The Historian and Bishop Palladius tells us about Olympias’ life. She was of noble birth. She had been orphaned young, then given in marriage at age 18. Within a short period of time she was widowed. Palladius claims the marriage went unconsummated. When the Emperor Theodosius heard of her widowhood, he tried to convince her to marry a relative of his. She refused saying, “If my King had desired me to live with a male He would not have taken away my first husband. But He knew that I cannot make a husband happy, so He liberated him from the bond and me likewise from the most burdensome yoke, and He freed me from subjection to a man, while He laid on me the gentle yoke of chastity.” So Theodosius ordered her property held in trust until she became thirty. She thanked him for relieving her of the burden of possessions and suggested he distribute it to the poor and the churches. Seeing that he had done no harm to her by his action, he returned her property to her. Then Archbishop Nektarios ordained her as deaconess well below the canonical age of forty. She gave her wealth liberally to Nektarios “to the extent that he took her advice on ecclesiastical policy as well.” She also gave to many other bishops, clergy, virgins, and ascetics for their needs and for the Church. St. John Chrysostom, who succeeded Nektarios, perceiving that she bestowed her goods liberally on any one who asked her for them, and that she despised everything but the service of God, advised her to bestow her wealth on others more prudently and economically.
She and her companion deaconesses were well loved by Chrysostom. He alone was permitted to visit them in their monastery, and he did so regularly. Olympias prepared for St. John his daily provisions and sent them to him through the end of his life. When Chrysostom was leaving Constantinople to go into exile, he went into the baptistery and called Olympias, along with the other deaconesses, and addressed them. “Come here my daughters, listen to me. I see that the things concerning me have an end. … This is what I ask of you,” to remain in the Church and accept the legitimate successor, whoever that might be.
After John’s exile Olympias was accused of having set fire to the Church of Hagia Sophia and the nearby Senate House in protest. “Great fortitude was evinced in the midst of these calamities by Olympias, the deaconess.” When brought before the prefect to answer the charges she replied, “My past life ought to avert all suspicion from me, for I have devoted my large property to the restoration of the temples of God.”
Palladius wrote extensively of her in reply to his deacon’s queries about this illustrious Deaconess. “Deacon: What kind of a woman is she? Bishop: Do not say ‘woman’ but rather ‘manly creature.’ She is a man in everything but body. …in her way of life, her works, in knowledge and courage in misfortunes.” The Bishop explained that Patriarch Theophilos of Alexandria had persecuted Olympias because she took in monks whom he had expelled. Palladius claims that in her actions she “imitated her Lord.” He also hinted that Theophilos’ wrath against her had more to do with her refusal to give him money than to her sheltering the monks. The Bishop claimed that “it is to the shame of men that a manly woman should take them in, and it is to the accusation of bishops that a woman deacon should befriend them. Her fame is enrolled in all the churches for many reasons. She imitated that Samaritan….”
St. Olympias spent the last years of her life in exile in Nicomedia. Since her death, her relics have given rise to many miracles. As a kind of testament to her, in one of his letters (#6) to her, St. John Chrysostom had said, “Now I am deeply joyful, not only because you have been delivered from sickness, but even more because you are bearing adversities with such fortitude, calling them trifles—a characteristic of a soul filled with power and abounding in the rich fruits of courage. You are not only enduring misfortune with fortitude, but are making light of it in a seemingly effortless way, rejoicing and triumphing over it—this is a proof of the greatest wisdom.”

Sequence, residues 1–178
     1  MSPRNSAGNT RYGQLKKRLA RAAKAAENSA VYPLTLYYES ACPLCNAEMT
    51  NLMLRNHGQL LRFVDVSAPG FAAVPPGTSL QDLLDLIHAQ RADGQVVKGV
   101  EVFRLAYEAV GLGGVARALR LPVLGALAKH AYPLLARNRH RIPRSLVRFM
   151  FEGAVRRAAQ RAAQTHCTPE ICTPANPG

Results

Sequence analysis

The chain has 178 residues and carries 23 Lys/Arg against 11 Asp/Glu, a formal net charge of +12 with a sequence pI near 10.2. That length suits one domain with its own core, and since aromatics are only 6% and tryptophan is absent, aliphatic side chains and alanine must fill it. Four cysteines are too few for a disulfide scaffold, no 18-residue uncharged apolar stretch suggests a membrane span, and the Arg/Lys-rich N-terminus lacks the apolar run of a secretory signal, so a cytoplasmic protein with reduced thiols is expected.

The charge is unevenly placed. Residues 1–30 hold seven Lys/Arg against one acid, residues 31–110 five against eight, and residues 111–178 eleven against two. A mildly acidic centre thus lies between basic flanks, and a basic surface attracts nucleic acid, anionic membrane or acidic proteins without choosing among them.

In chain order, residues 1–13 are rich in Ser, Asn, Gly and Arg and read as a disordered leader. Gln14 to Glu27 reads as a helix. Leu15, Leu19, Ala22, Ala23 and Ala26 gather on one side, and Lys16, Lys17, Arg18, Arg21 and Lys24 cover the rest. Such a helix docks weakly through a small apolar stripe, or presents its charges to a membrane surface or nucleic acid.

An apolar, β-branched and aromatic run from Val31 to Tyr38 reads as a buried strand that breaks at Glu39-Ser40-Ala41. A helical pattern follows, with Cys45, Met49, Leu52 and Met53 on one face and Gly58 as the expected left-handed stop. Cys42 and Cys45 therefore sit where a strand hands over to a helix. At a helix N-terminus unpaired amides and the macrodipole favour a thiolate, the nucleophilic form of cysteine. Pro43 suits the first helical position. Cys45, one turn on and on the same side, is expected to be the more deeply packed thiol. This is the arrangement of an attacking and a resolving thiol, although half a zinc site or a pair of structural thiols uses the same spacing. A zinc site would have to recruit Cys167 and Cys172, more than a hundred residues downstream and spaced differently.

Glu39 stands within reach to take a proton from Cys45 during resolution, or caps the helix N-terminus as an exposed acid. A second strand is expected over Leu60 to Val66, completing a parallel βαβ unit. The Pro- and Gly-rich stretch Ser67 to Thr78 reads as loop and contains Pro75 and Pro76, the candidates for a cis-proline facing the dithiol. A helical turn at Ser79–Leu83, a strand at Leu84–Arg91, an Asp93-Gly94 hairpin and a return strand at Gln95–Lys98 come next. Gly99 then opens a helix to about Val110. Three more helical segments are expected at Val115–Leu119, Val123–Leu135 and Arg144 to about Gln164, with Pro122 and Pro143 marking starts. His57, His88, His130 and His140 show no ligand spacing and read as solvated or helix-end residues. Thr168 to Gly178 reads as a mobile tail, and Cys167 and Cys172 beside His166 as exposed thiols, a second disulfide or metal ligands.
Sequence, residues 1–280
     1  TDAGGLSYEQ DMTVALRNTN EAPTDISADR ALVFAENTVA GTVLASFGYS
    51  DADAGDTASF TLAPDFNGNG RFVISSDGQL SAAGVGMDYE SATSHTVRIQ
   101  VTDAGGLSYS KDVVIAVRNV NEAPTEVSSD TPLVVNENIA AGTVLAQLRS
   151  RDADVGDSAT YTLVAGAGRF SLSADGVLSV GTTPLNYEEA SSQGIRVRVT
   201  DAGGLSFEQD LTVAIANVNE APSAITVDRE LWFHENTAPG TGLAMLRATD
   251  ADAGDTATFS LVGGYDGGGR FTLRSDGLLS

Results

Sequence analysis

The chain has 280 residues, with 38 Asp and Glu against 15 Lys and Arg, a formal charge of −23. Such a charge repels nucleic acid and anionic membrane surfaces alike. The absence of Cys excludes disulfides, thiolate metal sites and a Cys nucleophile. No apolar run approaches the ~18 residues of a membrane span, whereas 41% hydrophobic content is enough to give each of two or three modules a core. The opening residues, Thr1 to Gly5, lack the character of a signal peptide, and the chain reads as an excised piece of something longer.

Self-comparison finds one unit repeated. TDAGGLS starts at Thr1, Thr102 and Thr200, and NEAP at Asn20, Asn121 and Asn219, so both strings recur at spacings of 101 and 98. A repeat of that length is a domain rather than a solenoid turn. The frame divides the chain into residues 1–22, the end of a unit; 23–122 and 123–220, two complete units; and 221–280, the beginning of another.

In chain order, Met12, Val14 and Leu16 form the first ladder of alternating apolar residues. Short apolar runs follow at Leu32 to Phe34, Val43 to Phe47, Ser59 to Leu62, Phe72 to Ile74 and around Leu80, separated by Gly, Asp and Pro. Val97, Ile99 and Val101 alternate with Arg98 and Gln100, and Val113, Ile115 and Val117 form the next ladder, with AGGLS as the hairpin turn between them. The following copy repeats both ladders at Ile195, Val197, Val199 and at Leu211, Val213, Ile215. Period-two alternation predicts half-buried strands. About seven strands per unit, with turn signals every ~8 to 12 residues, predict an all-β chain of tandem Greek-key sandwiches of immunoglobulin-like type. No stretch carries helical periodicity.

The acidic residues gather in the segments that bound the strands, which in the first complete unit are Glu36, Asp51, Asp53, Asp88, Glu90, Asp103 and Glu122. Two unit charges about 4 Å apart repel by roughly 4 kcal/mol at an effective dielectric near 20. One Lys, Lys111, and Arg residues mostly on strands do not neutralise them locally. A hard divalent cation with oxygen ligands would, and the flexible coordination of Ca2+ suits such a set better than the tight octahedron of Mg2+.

How She Is a Model for Today
What can our daughters emulate in St. Olympias? First of all, St. Olympias was one tough cookie, with a sharp wit and sense of humor. She didn’t crumble under pressure, but bore her persecution courageously, even though it was not only unjust but was initiated by a Patriarch, not a pagan! She didn’t fuss or whine or moan and groan, but bore the injustice bravely and simply continued her diaconal work. Nothing in the world could stand between her and her Lord. She allowed nothing to deter her from serving her King.
This brings us to a second facet of her life, which our daughters can emulate. St. Olympias devoted herself professionally, as it were, as a deaconess, to the service of the Church. She was a professional career woman in the Church, so to speak. More and more opportunities for women to work in the Church are opening up today. A good number of Orthodox women now are theologically educated and are working full- or part-time for the Church as pastoral assistants in parishes, teachers in parochial schools and seminaries, as theologians, as church administrators and as social workers and psychologists in service to the Church. Instead of devoting their lives to careers outside the Church, we could encourage our young women prayerfully to consider working for the Church.
Let’s look now at the life of a woman saint who was married. St. Nonna with her husband, St. Gregory the Elder, and their children, Gregory the Theologian, Caesarius and Gorgonia, were all saints. Holiness runs in families! We learn about St. Nonna from St. Gregory the Theologian. He spoke of his mother in his funeral orations for his sister and father. His sister, St. Gorgonia, had died in middle age, leaving behind a husband and five children. His father, St. Gregory the Elder, died around the age of one hundred. St. Gregory the Theologian compared his parents to Abraham and Sarah of the Old Testament and declared that his mother even surpassed Sarah. They were, he wrote of his parents, “of one honor, of one mind, of one soul, yoked in the pursuit of virtue and of fellowship with God.” They were equal in all things. They were paradigms of virtue for their children. The beauty, harmony and camaraderie of their marriage were unsurpassed. Nonna, he says, was not only her husband’s “partner, but what is more marvelous, even his leader, drawing him on to the highest excellence by her actions and her words.” She had even brought her husband, who had been raised in a heretical sect (called the Hypsistarii) to the true Christian faith through her own character, admonitions, fervor for godliness, fasting and prayer.